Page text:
East India Dock Road
Looking east with Canary Wharf in the background.
|Length||1.3 mi (2.1 km)|
East India Dock Road is a major arterial route from Limehouse to Canning Town in London. The road takes its name from the former East India Docks in the Port of London, and partly serves as the high street of Poplar. To the west it becomes Commercial Road and to the east Newham Way. It forms part of the A13, a major road connecting the historic City of London to Tilbury and Southend.
The road begins in the west at Burdett Road and continues to the River Lea bridge in the east at Bow Creek. It was built in order to connect the newly-built Commercial Road at Limehouse with the East India Docks, which opened in 1806, bypassing Poplar High Street. It passed over undeveloped land and was assumed to be cheap to construct, but the costs of buying garden land proved higher than anticipated.
The original plan called for the road to be built as far as the River Lea, and it is shown ending there on Richard Horwood's 1807 map of London. In June 1809, an Act of Parliament was passed to build a crossing over the Lea towards Barking, in order to improve communications between London and Tilbury Fort. An iron bridge was designed by John Rennie, but the final chosen plan was from James Walker and Alfred Burges. It was built in 1810 and was the first road bridge to use cast-iron columns. The bridge was 150 feet (46 m) long and 28 feet (8.5 m) wide. The bridge originally charged a 2d toll, which was abolished in 1871. A new bridge was constructed by the London County Council and the Corporation of West Ham between 1893 and 1896. This in turn was replaced by the current bridge to the north, constructed in 1930-1932 of reinforced concrete.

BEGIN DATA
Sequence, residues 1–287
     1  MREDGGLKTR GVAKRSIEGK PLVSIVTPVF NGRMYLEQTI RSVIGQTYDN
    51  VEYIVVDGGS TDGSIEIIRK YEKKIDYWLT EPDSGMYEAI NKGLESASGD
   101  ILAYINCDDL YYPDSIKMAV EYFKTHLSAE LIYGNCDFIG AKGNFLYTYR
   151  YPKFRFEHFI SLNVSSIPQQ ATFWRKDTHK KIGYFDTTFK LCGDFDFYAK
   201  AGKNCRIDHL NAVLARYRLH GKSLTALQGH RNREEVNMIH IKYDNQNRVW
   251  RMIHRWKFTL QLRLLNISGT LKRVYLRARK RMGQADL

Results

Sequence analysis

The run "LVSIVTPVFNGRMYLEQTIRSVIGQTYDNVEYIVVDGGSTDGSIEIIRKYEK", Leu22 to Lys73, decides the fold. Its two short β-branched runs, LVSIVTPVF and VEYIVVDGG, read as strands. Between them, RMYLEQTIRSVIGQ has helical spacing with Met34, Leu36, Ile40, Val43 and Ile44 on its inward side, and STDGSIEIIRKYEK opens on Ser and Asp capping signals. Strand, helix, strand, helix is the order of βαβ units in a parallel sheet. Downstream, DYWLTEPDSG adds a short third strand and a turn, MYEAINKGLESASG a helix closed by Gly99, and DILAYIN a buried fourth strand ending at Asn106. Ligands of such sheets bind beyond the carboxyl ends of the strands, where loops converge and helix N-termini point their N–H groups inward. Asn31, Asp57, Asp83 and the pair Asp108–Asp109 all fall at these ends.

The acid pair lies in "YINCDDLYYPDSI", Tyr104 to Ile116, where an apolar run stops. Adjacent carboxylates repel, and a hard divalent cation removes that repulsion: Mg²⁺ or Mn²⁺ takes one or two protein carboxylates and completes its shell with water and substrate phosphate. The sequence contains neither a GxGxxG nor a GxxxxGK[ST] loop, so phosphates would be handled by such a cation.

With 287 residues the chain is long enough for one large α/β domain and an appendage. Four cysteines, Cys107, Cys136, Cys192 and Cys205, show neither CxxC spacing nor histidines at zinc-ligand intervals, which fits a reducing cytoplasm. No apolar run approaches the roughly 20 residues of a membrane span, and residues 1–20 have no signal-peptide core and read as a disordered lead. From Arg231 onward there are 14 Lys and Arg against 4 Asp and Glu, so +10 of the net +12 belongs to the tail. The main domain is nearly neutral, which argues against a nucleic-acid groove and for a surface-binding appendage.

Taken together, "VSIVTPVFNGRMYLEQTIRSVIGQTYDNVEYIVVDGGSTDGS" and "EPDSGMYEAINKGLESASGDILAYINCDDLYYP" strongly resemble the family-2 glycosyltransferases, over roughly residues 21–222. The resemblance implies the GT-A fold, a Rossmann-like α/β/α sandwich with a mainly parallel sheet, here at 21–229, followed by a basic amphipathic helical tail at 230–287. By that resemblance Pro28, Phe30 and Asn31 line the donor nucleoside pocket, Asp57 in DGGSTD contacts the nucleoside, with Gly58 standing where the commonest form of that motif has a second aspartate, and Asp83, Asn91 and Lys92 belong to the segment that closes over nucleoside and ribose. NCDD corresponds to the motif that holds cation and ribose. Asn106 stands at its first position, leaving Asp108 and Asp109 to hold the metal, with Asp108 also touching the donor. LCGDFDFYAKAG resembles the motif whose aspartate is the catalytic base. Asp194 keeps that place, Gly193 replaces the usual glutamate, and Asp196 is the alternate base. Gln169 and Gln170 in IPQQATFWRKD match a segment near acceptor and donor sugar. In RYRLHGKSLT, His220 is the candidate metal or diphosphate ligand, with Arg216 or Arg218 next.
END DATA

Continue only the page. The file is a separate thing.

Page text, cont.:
The road was designed to be 70 feet (21 m) wide, and was constructed as such from Limehouse to the East India Docks. Beyond this, its width was 40 feet (12 m) because of the imposing geography of Bromley Marsh. Gas lighting was partially installed along the road in 1826.
The London and Blackwall Railway sought to compete with the road. By 1827, an hourly coach service was set up between the City of London and the East India Docks, covering the route in 45 minutes. The railway was built as anticipated, but well to the south, allowing the East India Dock Road to compete as a major transport thoroughfare.
Beside the Blackwall Northern Approach is the Blackwall Tunnel Memorial, erected when it was first opened in 1897. In 1959, when the newer western tunnel was dug, the inscription was moved to its present position underneath East India Dock Road itself.
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- An East End Tale - showing East India Dock Road